Two summer interns experience the impact the free health clinic has in the community
August 15, 2022
Two college seniors, Omar Jawhar and Liam McMillan, spent a good part of their summer this year volunteering at the Northern Neck – Middlesex, Free Health Clinic (NNMFHC), where they were able to get a comprehensive look at the status and challenges of rural health care.
The NNMFHC is the area’s health-care home for low-income residents who have no health insurance, who are on Medicaid, or who are on Medicare but cannot find a provider or need help with medications. The NNMFHC served 1,628 individuals last year, including 747 who saw a medical provider and 1,087 who visited for dental care. More than 14,000 prescriptions were provided through the Clinic Pharmacy.
It’s a busy place, and help is always needed.
Omar Jawhar, a rising senior and pre-med student at Old Dominion University, followed the recommendation of his father, a physician at RGH, to look for volunteer opportunities in a free clinic setting.
“I enjoyed learning from the clinic’s providers, nurses, and all other staff members,” he said. “My experiences at the clinic taught me about the many aspects of patient interaction. Whether it was taking vital signs, drawing blood or assisting in bringing patients back to the exam rooms, I felt a connection to this underserved population.
“I am currently in the process of completing an internship at a larger hospital, and I continue to think back to what I learned from my time at the clinic. With many aspects of medicine becoming more and more commercialized, I am glad that NNMFHC continues to treat medicine as a basic human need, rather than a luxury.”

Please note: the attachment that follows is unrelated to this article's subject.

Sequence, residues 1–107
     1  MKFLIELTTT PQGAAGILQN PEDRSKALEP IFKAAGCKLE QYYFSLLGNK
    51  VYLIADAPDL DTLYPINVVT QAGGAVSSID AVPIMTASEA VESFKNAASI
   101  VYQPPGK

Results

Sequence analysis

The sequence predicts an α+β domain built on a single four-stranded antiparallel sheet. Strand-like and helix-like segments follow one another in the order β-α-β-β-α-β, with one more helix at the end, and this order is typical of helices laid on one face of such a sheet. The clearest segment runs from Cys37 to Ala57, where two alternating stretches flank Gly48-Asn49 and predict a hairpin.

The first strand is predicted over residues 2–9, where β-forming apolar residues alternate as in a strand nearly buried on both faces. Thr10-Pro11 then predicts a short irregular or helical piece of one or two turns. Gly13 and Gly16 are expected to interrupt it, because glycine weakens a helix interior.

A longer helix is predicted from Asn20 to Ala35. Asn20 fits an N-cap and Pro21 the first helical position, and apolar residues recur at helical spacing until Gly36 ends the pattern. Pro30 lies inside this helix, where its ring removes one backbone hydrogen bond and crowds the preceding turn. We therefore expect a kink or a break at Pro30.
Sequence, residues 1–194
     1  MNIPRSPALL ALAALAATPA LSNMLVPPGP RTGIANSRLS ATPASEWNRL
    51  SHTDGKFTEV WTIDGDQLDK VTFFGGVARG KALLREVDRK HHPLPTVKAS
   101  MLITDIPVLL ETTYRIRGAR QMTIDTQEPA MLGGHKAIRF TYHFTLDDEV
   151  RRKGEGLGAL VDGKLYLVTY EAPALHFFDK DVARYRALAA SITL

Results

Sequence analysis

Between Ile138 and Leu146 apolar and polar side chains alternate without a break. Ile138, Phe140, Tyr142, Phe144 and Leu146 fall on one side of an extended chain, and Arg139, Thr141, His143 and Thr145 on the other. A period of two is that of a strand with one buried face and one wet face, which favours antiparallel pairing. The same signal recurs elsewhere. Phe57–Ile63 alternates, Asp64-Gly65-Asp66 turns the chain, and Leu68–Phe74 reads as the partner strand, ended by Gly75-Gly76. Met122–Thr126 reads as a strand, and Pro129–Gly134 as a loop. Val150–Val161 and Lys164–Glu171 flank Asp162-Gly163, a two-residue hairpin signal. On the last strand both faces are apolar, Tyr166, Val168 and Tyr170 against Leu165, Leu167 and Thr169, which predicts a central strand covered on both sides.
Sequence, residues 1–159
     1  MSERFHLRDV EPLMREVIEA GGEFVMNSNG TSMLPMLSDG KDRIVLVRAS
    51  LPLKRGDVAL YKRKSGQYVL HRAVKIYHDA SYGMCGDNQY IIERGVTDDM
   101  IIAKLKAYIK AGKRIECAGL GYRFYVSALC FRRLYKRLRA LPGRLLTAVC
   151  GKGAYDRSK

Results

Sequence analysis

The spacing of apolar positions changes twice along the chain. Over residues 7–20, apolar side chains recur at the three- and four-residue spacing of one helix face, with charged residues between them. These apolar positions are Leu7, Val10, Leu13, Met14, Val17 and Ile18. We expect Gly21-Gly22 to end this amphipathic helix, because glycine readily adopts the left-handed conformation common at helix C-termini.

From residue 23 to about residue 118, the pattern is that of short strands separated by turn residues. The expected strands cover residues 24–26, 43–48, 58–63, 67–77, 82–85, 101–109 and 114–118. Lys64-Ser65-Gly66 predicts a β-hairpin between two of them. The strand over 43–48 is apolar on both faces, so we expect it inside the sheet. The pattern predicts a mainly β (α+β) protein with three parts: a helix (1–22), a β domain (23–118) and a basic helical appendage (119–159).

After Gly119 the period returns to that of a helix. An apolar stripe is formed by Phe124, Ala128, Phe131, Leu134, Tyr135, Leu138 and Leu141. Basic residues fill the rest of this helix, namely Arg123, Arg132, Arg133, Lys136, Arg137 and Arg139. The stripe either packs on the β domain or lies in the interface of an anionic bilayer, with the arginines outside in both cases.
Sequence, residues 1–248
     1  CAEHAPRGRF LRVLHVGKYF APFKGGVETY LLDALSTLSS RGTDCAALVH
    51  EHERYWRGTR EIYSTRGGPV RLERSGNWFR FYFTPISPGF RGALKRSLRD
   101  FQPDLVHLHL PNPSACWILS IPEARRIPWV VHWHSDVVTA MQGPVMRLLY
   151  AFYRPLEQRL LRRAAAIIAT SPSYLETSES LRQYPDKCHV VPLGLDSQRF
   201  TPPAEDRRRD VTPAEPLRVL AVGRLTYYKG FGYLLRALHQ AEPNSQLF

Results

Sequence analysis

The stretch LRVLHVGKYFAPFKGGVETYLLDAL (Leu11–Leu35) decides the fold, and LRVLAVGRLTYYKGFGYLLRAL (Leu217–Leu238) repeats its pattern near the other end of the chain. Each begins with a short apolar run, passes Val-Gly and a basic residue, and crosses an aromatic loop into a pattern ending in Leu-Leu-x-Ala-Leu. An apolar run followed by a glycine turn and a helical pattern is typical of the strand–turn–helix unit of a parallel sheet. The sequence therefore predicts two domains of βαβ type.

Liam McMillan is a rising senior at Virginia Tech, where he is a biology major with a biomedical focus. “Working with the NNMFHC has been an experience like none other,” he said. “In only three weeks I have had the opportunity to help in both the medical and dental clinics, as well as in the pharmacy. In this short time I have seen the profound impact the NNMFHC has on its community.”
He noted the “personal touch completely lost in many medical practices elsewhere: the staff will know and remember patients, have neighborly conversations with them during their appointment, and recall details like asking how a patient’s family member is doing after a patient mentioned they were sick at their last appointment.
“As a student pursuing medical school, I have heard much talk about how medicine is becoming a business, with patients and doctors alike disliking this new system. NNMFHC is clearly still the exception to this trend and has given me hope that a career in medicine can still involve personalized, reasonable, and inexpensive patient care.”
Shown in the photo are the NNMFHC Medical Clinic staff and summer interns at the nurses’ station. From left are Tamara Hall, Nurse Practitioner; Linda Davis, RN; interns Omar Jawhar and Liam McMillan; Dr. Paul Sutherland, and medical assistant Michele Fulcher.